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visitations, engaging in public displays of affection in the children’s presence, leaving the children in his companion’s care, and discussing sexuality issues with the children.

After an evidentiary hearing on all the issues, the trial judge reviewed the factors under Code § 20-124.3, found the father to be a fit father, and further found he has a good relationship with the children. Specifically, he found the children were still young and needed both parents; both parents were physically and mentally fit; and positive relationships existed between each parent and the children. Additionally, the judge considered the children’s needs to have relationships with both of their extended families; the propensity and interests of both parents to participate in the children’s upbringings; and “the propensity of each parent to actively support the children’s contact relationship with the other parent.” The trial judge awarded the parties joint custody of the children, with primary custody to the mother.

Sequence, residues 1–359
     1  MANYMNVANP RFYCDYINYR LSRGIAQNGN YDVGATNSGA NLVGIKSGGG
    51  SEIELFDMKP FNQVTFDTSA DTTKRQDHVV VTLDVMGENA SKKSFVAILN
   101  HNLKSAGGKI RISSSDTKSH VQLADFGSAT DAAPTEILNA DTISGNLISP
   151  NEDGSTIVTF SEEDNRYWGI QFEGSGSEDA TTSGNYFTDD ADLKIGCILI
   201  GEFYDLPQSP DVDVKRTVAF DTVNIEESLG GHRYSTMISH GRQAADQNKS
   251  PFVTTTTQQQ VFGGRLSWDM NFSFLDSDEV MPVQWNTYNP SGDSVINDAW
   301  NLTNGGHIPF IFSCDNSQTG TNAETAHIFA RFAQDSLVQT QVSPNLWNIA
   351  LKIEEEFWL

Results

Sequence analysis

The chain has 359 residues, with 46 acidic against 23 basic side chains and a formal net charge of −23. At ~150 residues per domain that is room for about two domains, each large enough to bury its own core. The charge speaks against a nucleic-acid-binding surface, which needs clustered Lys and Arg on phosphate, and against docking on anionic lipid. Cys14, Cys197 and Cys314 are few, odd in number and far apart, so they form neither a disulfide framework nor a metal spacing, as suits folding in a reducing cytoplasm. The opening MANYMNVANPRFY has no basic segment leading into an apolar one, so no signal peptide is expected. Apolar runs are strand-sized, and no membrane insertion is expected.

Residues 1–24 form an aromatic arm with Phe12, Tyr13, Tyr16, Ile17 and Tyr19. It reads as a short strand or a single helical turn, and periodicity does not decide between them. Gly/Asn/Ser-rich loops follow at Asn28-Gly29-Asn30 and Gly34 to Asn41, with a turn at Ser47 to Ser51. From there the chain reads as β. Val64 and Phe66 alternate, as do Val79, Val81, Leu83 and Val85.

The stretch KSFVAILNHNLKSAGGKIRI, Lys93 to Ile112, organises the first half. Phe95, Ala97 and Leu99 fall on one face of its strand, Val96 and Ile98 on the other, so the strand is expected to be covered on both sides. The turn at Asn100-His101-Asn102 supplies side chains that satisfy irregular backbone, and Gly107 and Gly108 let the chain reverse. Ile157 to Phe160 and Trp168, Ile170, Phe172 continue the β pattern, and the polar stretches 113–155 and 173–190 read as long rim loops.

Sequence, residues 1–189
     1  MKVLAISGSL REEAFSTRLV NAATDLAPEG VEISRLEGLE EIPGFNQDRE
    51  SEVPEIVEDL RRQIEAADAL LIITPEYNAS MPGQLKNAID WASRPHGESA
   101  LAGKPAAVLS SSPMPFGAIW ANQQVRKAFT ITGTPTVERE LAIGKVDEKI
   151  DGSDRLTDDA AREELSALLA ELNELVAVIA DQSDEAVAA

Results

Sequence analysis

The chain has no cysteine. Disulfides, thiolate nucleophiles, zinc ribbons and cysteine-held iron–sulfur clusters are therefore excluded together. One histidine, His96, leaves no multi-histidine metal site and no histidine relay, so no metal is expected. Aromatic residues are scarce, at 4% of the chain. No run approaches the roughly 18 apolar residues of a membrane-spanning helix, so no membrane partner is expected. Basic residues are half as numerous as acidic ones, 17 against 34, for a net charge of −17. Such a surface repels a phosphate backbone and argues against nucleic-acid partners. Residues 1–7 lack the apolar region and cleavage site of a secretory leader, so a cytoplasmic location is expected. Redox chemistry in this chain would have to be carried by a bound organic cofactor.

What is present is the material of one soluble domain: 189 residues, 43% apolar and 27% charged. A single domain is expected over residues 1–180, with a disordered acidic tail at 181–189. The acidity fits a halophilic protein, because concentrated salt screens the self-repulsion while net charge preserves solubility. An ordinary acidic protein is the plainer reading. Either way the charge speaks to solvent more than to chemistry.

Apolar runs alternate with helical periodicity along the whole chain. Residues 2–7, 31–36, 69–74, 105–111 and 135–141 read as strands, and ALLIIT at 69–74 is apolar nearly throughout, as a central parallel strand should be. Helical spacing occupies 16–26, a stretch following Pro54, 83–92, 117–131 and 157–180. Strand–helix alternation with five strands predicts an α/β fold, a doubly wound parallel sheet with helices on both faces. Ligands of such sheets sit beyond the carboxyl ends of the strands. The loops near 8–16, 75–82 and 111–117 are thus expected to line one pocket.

The trial judge awarded the father visitation one weekend a month, some holidays, and four weeks in the summer. He continued two of the limitations imposed on visitation in the pendente lite order. That is, that the father cannot have any companion with whom he has a romantic relationship stay overnight (between midnight and 6:00 a.m.) or demonstrate affection with third parties in the presence of the children.